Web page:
Percent Growth from Zero

An interesting (or possibly not) question came up as some colleagues and I were discussing % growth.

The logic flows thusly:

A = previous total
B = new total.

Simple % growth = (B - A)/ A.

So, if we had 100 widgets in March and 150 widgets in April, that with by a 50% growth (150 - 100)/100 =.50.

So how do you define it, if at all, if you start from zero.

You’ve got 0 widgets in February and now you’ve got 100 widgets in March. What’s the % growth? Can’t divide by zero. Undefinable?


It’s a definition problem. As you define it, you need infinite growth because only infinity multiplied by zero gives you any kind of result.

if you definbe it as the change divided by the final number, then you have 100% growth, which is a real number, but equally useless in giving a sense of the increase.

The point is that percentage growth only makes sense if you have a nonzero start, since you’re essentially giving your final number in terms of your initial number. If you start with zero, it’s not a meaningful metric. It probably isn’t meaningful if your starting number is vastly smaller than your initial number, too.
So it’s not that it’s “indefinable”, it’s that you’ve chosen an inappropriate measure of increase .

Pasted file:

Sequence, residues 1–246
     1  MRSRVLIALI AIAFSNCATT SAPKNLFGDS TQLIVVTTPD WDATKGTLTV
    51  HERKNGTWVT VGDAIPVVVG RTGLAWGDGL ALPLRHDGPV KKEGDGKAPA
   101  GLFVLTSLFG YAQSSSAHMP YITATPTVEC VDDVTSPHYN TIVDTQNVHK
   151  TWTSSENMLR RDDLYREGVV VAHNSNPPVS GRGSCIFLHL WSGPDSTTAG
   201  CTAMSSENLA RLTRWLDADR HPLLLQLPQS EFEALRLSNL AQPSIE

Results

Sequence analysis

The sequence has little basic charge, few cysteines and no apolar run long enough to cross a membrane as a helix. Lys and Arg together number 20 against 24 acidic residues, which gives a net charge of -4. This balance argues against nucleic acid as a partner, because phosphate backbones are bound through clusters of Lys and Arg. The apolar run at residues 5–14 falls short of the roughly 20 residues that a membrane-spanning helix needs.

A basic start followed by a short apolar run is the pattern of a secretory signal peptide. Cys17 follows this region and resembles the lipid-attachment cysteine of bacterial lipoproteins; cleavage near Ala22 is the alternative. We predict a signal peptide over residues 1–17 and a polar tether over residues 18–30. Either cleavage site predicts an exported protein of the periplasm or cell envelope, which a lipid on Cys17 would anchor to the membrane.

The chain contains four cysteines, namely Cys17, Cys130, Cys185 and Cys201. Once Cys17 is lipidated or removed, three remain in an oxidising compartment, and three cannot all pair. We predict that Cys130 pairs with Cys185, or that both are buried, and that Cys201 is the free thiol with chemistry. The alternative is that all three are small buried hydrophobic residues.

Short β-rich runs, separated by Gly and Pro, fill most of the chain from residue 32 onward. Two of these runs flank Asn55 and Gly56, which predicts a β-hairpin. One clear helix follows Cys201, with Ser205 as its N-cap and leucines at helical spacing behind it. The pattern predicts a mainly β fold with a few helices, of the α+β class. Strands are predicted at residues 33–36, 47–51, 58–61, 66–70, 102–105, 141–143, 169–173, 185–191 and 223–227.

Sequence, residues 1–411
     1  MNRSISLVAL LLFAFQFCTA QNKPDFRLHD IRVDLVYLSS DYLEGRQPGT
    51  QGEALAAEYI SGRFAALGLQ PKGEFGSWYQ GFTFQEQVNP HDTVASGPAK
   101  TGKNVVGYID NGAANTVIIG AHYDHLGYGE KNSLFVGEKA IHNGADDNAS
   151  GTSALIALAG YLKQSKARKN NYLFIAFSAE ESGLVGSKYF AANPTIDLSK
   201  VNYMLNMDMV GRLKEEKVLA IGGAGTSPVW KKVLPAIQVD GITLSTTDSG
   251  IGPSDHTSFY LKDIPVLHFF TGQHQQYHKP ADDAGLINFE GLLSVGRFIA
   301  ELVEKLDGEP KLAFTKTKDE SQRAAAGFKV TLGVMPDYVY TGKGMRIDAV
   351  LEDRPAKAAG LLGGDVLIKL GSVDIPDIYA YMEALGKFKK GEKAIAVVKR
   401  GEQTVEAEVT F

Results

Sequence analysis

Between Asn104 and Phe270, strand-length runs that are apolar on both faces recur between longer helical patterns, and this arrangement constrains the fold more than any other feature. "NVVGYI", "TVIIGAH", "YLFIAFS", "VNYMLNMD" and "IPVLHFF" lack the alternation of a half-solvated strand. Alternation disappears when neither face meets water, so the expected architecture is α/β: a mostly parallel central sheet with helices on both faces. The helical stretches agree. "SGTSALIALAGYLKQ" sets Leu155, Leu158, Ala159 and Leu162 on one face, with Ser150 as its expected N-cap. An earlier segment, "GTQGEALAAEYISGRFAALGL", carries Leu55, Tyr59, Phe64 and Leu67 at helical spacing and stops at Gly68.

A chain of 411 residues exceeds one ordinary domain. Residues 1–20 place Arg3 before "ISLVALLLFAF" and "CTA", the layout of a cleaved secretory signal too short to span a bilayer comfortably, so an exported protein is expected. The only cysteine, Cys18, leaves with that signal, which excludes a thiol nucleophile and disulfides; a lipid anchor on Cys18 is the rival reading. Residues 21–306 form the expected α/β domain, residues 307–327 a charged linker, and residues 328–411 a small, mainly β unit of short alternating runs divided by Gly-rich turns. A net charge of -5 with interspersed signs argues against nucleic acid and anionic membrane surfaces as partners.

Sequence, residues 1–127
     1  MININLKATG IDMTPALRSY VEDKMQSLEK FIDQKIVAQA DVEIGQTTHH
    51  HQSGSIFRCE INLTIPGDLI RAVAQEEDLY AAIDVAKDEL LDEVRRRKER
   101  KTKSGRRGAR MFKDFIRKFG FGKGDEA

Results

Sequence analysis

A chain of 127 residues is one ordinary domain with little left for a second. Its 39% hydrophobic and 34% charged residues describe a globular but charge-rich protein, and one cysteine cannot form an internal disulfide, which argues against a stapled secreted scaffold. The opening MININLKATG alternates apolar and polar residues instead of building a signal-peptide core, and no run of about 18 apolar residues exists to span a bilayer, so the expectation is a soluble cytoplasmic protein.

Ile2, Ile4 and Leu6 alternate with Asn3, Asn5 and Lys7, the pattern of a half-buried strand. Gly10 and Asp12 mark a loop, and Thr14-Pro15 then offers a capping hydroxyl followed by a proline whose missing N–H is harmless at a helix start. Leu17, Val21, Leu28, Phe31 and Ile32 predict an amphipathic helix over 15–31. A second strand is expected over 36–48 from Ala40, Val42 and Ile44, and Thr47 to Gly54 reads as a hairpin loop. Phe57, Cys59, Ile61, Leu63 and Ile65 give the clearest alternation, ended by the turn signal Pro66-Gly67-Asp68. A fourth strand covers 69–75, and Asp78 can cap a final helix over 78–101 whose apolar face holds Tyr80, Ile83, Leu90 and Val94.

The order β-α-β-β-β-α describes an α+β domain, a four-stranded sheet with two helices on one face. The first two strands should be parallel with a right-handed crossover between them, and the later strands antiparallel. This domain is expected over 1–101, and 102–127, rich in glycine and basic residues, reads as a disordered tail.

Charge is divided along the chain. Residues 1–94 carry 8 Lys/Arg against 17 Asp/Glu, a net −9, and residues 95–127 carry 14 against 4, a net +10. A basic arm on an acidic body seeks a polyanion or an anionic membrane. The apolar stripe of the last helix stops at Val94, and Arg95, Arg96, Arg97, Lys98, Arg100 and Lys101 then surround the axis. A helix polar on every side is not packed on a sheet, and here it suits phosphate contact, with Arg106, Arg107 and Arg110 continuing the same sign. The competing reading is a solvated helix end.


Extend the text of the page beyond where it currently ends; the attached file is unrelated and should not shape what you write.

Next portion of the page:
Concur. This is a situation where you should report the raw number, not the statistical change.

Of course, you could also fudge it and say that after the first widget was sold, you experienced a 10,000% increase.

This is a variant of the Small Base Problem. One discussion is on page 355 of this document:

If exponential growth could somehow get started from zero, it would be impossibly inconvenient. All the bank accounts that had never been started by people who never existed would swell uncontrollably - to say nothing of all the unstarted credit card accounts, which would swell so much faster. Physical variables everywhere that were already in equilibrium would constantly be equilibrating. Pencils that were lying on their sides would all be moving away from balancing on their points. How could we live in such a state?

Are your colleagues in marketing? I think, “infinite month-on-month growth” is pretty catchy. Imagine the projections into the future!
Obviously, the “% growth on previous time period” concept is sort of dumb to start with.

Why weren’t you selling as many widgets before? Why are they selling now? Why do you think it indicates your present success rather than your prior mismanagement? Let’s start with asking how many widgets you should be selling considering the size of the market, before patting anyone on the back.

You could say, “we were achieving 0% of our potential in March, but are now shipping to 10% of the expected market in April. That’s a rise of 10 points, and we’ll reach saturation by Christmas!” That’d be a nice-sounding analysis.